On the question of how often teacher-trainees availed themselves to guidance and counselling services as captured in the third research question of this study, responses as indicated in Figure 5 indicates that 36% (N=136) of UEW participants did not respond to the question. Even where there was a response, a whopping 22.8% (N=86) still of UEW participants indicated they never adhered to. In the case of UDS a look at responses on this question as provided in Figure 5 shows an impressive patronage to guidance and counselling services (Always adhere to: N=28; Well adhered to but not always: N=22), yet quiet a sizeable number (N= 30) indicated sometimes adhered to, and (N=25) never adhered to guidance and counselling services.

Figure 4. How Early Childhood Edu cation Addresses Counselling
Figure 5. Teacher-trainees’ adherence to guidance and counselling services

Lastly, research question 4 looked at areas where based on the perspectives of participants’ guidance and counselling should be relevant. The results as provided in Figure 6 indicate that, academic issues ware ranked high, followed by personal issues and examination related issues. Relationships as revealed in the responses lagged behind. These results are provided in Figure 6 of the study.

6. Conclusion, Discussion and Recommendations

This study describes how educational guidance and counselling at the departments of early childhood education at the University of Education, Winneba, and the University for Development Studies appears from the viewpoint of the student, how it addresses the needs of the student, how it is organized, and how well these services are available. The findings reveal that most students are aware of the availability of guidance and counselling services in their respective schools which is mostly through the school counsellor.

Additionally, whiles it is informing to note that guidance and counselling services addressed most areas of need in terms of the educational development of the student, it is unfortunate that personal issues, an important ingredient in the educational development of the learner is sidestepped. Indeed, with the fourth research question of this study presented as where students will like guidance and counselling services to address, personal issues were ranked as one of the areas of need. In fact, the need for guidance and counselling in addressing the educational needs of recipients is well echoed by Shertzer, B. and Stone, S.C. [13] who stated that there is a close relationship between guidance and counselling activities and instructional processes such that each contributes to each other.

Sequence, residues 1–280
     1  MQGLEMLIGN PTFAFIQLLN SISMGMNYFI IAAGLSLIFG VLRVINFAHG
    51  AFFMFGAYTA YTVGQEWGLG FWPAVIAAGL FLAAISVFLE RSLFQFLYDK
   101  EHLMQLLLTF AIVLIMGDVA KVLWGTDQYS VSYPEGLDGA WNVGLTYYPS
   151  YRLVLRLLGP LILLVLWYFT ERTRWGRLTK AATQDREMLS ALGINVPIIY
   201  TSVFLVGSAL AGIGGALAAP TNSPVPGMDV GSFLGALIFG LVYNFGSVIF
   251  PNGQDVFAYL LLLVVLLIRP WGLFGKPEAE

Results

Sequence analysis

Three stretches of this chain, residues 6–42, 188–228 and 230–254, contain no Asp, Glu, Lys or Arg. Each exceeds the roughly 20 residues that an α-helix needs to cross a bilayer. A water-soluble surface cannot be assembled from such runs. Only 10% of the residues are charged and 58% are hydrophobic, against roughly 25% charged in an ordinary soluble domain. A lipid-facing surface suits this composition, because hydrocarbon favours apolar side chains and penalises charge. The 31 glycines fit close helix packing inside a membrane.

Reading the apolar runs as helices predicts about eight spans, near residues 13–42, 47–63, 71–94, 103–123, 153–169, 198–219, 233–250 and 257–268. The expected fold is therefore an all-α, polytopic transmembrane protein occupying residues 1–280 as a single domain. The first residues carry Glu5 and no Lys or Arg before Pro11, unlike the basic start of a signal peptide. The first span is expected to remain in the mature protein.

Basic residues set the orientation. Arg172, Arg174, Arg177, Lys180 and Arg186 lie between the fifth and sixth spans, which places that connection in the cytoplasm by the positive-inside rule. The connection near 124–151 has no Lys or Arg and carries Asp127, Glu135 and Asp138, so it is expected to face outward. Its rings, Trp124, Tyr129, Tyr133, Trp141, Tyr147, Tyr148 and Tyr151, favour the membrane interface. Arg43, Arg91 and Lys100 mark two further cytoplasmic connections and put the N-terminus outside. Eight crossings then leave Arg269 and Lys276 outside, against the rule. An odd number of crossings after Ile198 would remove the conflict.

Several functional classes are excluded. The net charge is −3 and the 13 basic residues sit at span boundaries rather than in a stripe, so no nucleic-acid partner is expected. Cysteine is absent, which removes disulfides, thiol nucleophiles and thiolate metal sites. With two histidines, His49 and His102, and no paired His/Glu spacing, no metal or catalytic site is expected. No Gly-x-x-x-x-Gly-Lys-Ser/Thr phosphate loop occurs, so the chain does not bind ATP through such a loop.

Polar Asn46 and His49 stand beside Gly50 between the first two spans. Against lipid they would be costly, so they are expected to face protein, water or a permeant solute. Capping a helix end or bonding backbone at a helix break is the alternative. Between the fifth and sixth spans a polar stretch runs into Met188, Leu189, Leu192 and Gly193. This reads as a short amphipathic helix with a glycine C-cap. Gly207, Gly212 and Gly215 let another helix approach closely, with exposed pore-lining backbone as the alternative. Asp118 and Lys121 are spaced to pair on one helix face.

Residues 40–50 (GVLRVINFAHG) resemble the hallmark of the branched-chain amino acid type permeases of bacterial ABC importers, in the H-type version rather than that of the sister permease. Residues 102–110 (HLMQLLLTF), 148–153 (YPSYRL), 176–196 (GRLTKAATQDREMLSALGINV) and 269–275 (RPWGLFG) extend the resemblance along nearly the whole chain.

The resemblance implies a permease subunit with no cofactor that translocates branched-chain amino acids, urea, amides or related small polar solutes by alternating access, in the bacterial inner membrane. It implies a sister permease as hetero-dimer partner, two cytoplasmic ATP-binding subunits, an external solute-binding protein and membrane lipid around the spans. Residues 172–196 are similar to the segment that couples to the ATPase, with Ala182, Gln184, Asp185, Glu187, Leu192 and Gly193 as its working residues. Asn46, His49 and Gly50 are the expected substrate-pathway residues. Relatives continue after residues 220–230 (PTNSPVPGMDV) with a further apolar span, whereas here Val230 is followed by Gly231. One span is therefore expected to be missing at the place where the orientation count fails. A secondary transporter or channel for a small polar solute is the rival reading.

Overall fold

Lastly, on the question of how often students frequent counselling services, the findings as provided by the study is a reflection of not a well patronized program especially by students of the University of Education, Winneba. Factors that contributes to this attitude is worth investigating in future studies.

Based on the above findings, it is the recommendation of this study that the following steps needs to be adhered to in other to ensure the efficient role and place of guidance services in the two institutions especially at the early childhood levels.

• Even though a greater number of participants indicated awareness of guidance and counselling services at their respective institutions, initiatives should be taken in awareness creation of the existence of such programmes at the two institutions.

• Again, guidance and counselling services should be tailored to address specific needs of students which will mean counsellors should be conversant of the profile of the students and what their needs are.

• As much as possible steps should be taken in making guidance and counselling services mandatory by first making it part of the school time table.

• Making counselling an integral part of teaching and learning through a process of positing the class teacher as a counsellor is very necessary in the student-teacher relationship, hence the need for basic counselling training for all teachers.

Aside the above recommendations, it is the suggestion of this study for future studies to look specifically at the place and relevance of guidance and counselling in early childhood teacher-training. Again, a study of the nature of counselling services conducted in the two institutions is also worth pursuing, and finally the background of counsellors of the two institutions and their conditions of work are also worth investigating.

In summary even though this study is limited by virtue of the sampled population and area, the findings are informing and provides an overview of how students perceive guidance and counselling relative to how it aids their educational development. Undoubtedly, the study does contribute to the discussion on the place and role of an important and necessary ingredient in the educational development of the learner; guidance and counselling, in an important educational sector; early childhood education, and in a region, Ghana where early childhood education undisputedly is still taking shape. The lessons drawn though limited to the study area are applicable to other educational sectors.